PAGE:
And reported that “three redeployed HC-One staff chose not to have a COVID-19 test despite being requested to do so by public health. This decision unnecessarily increased the risk of the infection spreading.”

Adding: “This concern was escalated to a senior HC-One manager and testing took place thereafter.”

The Care Inspectorate team found that residents had lost weight during the lockdown and that medication was not administered safely or in a timely manner. Staffing levels were inadequate on numerous occasions and some staff were working for 60 hours a week.

Staff did not consistently use PPE in an effective manner in order to protect themselves and others from the risk of infection. The overall cleanliness of the home gave rise to serious concerns and infection control measures were lacking.

The Care Inspectorate subsequently applied for cancellation of the care service’s registration under the Public Services Reform (Scotland) Act 2010, however this application was subsequently withdrawn.  

PBW Law is representing Councillor John Gordon, Mrs Mary Maccaskill (John’s sister) and Ms Norma Morrison, who lost her mother Margaret Morrison.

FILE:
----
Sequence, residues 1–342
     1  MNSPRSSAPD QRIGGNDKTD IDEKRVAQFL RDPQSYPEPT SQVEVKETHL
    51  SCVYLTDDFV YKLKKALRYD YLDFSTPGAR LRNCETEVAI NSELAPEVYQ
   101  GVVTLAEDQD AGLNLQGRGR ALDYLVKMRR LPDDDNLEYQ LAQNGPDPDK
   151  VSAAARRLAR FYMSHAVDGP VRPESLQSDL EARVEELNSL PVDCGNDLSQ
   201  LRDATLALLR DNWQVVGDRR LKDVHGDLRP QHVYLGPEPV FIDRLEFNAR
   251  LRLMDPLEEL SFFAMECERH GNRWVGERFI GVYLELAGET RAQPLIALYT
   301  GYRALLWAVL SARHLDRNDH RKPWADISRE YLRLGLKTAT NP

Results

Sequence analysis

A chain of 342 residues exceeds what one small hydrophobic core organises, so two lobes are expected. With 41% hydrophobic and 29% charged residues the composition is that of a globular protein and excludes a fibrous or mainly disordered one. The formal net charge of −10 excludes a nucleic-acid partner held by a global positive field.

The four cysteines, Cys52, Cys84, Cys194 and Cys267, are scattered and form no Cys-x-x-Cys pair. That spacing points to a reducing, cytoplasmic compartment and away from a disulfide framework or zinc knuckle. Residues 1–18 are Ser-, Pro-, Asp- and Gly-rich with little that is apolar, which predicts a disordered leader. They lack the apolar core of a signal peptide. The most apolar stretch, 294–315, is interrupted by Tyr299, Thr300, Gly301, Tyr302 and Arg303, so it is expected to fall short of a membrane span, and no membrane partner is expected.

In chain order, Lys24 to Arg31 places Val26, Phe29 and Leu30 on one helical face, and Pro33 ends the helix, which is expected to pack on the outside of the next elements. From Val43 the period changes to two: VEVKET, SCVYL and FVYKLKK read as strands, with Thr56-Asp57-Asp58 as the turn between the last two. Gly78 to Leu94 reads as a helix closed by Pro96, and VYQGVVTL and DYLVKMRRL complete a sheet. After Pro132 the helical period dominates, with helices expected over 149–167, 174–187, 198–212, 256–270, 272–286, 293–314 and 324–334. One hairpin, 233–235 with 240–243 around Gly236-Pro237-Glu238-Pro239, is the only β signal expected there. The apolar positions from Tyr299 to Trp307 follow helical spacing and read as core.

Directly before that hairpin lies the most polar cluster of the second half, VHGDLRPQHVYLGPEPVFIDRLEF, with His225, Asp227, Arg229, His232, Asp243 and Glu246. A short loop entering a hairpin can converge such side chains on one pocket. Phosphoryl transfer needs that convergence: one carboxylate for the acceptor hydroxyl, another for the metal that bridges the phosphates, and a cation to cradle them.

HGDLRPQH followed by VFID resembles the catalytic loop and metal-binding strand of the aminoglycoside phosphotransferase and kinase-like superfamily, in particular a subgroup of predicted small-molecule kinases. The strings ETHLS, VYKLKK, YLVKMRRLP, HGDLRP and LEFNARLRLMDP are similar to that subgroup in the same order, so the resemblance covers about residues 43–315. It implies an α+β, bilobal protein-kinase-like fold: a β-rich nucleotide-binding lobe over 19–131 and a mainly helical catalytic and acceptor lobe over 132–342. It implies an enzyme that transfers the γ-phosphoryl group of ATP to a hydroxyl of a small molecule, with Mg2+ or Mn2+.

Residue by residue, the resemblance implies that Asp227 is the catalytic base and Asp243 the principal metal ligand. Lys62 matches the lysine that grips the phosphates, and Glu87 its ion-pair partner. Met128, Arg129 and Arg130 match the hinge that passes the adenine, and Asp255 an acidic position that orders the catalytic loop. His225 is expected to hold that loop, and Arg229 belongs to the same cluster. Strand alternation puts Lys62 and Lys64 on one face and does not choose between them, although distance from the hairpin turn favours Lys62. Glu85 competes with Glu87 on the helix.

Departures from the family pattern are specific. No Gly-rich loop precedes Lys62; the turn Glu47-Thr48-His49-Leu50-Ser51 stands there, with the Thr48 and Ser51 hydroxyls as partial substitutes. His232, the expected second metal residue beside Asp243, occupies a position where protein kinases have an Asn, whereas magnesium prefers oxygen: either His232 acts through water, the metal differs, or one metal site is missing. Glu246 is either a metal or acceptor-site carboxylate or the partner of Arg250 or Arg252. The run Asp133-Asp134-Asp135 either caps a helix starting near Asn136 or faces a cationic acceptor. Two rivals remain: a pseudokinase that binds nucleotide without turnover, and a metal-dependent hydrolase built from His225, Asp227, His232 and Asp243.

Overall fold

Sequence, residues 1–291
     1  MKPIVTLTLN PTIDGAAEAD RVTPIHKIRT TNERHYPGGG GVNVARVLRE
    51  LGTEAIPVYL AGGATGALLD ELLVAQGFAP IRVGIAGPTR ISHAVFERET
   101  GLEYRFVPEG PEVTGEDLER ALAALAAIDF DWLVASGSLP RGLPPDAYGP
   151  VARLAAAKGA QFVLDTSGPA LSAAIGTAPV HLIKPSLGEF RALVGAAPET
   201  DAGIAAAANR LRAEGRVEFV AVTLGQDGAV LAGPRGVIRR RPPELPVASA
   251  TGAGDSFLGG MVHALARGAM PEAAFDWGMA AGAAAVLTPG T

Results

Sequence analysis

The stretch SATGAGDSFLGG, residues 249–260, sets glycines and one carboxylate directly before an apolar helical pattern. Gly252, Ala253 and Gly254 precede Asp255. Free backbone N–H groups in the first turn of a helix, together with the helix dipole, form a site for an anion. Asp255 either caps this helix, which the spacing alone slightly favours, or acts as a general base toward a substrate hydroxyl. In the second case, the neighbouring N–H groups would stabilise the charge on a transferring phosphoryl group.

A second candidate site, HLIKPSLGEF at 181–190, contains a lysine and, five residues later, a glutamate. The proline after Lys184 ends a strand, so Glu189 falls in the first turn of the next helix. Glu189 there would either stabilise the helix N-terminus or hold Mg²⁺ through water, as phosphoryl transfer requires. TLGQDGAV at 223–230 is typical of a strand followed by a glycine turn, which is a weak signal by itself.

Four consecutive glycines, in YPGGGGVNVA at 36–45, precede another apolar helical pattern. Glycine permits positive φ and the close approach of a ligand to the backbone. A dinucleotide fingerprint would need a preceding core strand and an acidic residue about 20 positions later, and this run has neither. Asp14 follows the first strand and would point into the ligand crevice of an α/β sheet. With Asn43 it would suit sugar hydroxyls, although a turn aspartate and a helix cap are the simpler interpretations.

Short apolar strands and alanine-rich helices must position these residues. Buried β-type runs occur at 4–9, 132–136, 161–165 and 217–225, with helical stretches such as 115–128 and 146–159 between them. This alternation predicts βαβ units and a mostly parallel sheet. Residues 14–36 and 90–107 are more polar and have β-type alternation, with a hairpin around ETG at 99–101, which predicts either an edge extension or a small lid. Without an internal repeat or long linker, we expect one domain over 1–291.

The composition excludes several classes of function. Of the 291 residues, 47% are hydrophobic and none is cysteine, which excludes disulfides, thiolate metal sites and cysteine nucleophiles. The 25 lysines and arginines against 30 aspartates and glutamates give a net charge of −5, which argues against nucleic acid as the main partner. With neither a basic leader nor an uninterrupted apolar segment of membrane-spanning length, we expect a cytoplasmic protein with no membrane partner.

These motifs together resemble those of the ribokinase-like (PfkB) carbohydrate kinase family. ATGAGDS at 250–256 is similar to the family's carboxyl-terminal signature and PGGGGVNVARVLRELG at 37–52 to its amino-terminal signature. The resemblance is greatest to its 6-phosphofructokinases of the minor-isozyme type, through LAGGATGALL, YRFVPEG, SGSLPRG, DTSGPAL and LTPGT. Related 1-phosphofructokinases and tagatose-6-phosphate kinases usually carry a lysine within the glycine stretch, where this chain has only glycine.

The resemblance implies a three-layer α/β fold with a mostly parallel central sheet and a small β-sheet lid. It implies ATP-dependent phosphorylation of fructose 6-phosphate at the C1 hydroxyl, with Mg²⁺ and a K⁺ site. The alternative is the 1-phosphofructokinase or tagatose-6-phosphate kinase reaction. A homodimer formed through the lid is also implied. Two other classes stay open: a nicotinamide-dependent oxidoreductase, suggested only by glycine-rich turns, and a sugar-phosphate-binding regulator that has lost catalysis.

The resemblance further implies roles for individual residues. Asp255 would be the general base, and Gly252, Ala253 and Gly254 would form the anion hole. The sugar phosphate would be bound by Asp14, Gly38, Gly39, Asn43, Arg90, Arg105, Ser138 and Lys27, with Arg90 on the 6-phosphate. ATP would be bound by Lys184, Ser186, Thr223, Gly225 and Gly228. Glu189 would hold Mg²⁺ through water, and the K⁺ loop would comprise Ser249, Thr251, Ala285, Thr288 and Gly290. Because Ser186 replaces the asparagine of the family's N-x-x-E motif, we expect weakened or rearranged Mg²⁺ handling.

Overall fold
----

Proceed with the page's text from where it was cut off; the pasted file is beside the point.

Commenting to the Free Press this afternoon, Mr Watson said: “There are many angles to this – there are obviously initial claims that the family members can have under the Damages of Scotland Act for loved ones that have died in circumstances where fault is attributed to a third party – and that would initially be HC-One.

“We have, in fact, written to them (HC-One) asking whether they are dealing with claims directly or whether they have appointed insurers to deal with it – because the revelations in the report that came out were fairly horrific.”

He added: “There are questions for the regulatory authorities – whilst it is noted that they did bring matters to the attention of those who operated the home – the question will be what was the follow-up? And was what they did enough?

“There are also bigger political questions, of course, about how we provide for care home accommodation in Scotland and whether relying essentially on private sector care home – funded in the way that they are – is, by design, going to produce something that is always inadequate…”

The firm Leigh Day, which has offices in London and Manchester are also representing families who lost loved ones following the coronavirus outbreak at Home Farm.

The BBC Highlands and Islands news team reported this afternoon that the firm are investigating potential legal action on behalf of families in both Scotland and England.

Among those represented is Mandie Harris.

Mrs Harris’ husband Colin Harris became the sixth resident of the Home Farm nursing home to die, after having tested positive for Covid-19.

He was 66 and had been living in the home for the past four years, receiving care for Parkinson’s and early-onset dementia.

Speaking to the Free Press this week, Mrs Harris rebuked the Scottish Government for its level of attention towards those affected describing it as like “a noose around their necks.”